NatRoad clears the air on RSRT

For too long the TWU and the Tribunal have dodged all attempts to dispute the headline statistics regularly quoted by the TWU as the reason for the Tribunal’s existence and power to make Orders that will have limited, if any, effect on road safety outcomes. This is despite the views of the majority of the industry, backed up by respected and valid statistical data that clearly indicates that most road deaths that involve a heavy vehicle are caused by private light vehicle drivers. Valid statistics also indicate the proportion of truck accidents involving long distance transport is significantly less than accidents occurring in metropolitan areas.

It is also proven that the total rate of heavy vehicle accidents has been declining year on year for many years, despite the increased number of heavy vehicles using our roads.

Two recently released Government-commissioned reviews, the 2014 Jaguar Consulting Review and a more recent PwC review, have both recommended the Tribunal be abolished on a number of grounds. Importantly, both studies found the initial Regulatory Impact Statement (RIS) that was provided to the Labor Government prior to enacting the legislation advised that the TWU’s alleged link between remuneration and road safety was not definitive and relatively limited. They also advised the implementation of the Road Safety Remuneration Act would impose costs greater than any benefits that may occur.

Indeed, both reviews found clear evidence that the actual safety performance has been reviewed in great detail and is favourable against international benchmarks with heavy vehicle fatality rates falling by 76 per cent between 1988 and 2012. Comparisons with other countries indicate that Australia’s safety performance is a relatively strong one. Despite the fact that all of this information was available, both the TWU and the Tribunal have continued to rely on out of date data and obfuscation of the true facts by using untested headline data on heavy vehicle fatalities.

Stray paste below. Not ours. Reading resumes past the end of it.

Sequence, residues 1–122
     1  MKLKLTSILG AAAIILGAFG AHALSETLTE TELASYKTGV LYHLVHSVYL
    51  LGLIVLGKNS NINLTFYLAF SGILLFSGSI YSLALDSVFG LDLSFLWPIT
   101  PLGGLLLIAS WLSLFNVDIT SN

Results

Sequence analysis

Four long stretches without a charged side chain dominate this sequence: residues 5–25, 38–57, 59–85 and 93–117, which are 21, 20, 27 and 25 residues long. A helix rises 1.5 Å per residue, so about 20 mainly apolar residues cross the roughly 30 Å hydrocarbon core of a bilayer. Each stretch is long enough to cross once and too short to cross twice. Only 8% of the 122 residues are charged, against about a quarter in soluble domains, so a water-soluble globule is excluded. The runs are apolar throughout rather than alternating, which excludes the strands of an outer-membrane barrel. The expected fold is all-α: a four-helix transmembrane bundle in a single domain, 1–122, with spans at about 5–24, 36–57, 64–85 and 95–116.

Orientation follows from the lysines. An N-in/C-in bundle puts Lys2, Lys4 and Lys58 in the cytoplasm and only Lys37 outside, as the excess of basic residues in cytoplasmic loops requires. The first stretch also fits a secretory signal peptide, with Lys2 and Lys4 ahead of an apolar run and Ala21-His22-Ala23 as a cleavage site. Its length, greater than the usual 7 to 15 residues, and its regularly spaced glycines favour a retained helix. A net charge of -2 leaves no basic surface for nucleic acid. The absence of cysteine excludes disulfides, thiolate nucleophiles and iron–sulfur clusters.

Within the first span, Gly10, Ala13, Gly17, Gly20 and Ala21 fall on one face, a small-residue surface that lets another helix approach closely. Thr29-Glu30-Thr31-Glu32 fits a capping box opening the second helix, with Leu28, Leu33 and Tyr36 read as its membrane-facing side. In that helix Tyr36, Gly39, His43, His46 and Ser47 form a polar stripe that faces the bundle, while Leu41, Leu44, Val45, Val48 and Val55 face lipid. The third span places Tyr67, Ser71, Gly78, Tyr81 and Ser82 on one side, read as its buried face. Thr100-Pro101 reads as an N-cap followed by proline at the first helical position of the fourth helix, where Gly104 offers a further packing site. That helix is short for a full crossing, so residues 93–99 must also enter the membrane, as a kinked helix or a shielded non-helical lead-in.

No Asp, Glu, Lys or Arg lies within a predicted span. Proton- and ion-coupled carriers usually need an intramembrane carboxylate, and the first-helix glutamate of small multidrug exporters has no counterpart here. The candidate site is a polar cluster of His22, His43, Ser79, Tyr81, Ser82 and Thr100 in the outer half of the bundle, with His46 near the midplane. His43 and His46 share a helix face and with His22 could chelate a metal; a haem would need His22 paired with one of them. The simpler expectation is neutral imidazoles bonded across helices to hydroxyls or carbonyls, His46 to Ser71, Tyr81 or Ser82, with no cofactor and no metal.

Australia’s strong safety performance has occurred through a range of proven and effective regulatory reforms, including the National Road Transport Commission (NRTC), the National Heavy Vehicle Regulator (NHVR) and State and Territory road transport authorities.

In commenting on whether the Tribunal’s objectives and functions align with Government policies and objectives, the PwC report advised it had not found any additional information to change its originally expressed view.

In the RIS it was stated the focus should be on establishing a link between safety and remuneration, and to date this has not been the subject of objectively based research by the Tribunal.

PwC also advised on the high degree of overlap with other agencies, state road authorities and work health and safety legislation. Its analysis also showed the Tribunal will impose a net cost to the economy in excess of $2 billion over 15 years with a cost benefit ratio of less than one in all cases.

The PwC report did not find contrary evidence to substantiate an ongoing need for the Tribunal, and found the abolition of the Tribunal would result in a significant net benefit to the economy and the community at large. PWC also reported that the Ombudsman is not the appropriate authority to enforce road safety matters.

Initiatives being pursued under the National Road Safety Strategy 2011 – 2020 are actively affecting road safety regulatory reform through a range of programs, including Chain of Responsibility initiatives, which are effective across all jurisdictions.    

In short, both reviews concluded that road safety outcomes and the industry will be better served by initiatives other than the actions of a Tribunal that has acted on the basis of the TWU inspired Safe Rates campaign that is clearly fiction.

The backlash against the Tribunal and the effect of the Contractor Driver Minimum Rates Order can now be played out against all of the matters identified in two comprehensive reviews that both acknowledge the fact that the Tribunal should be abolished.

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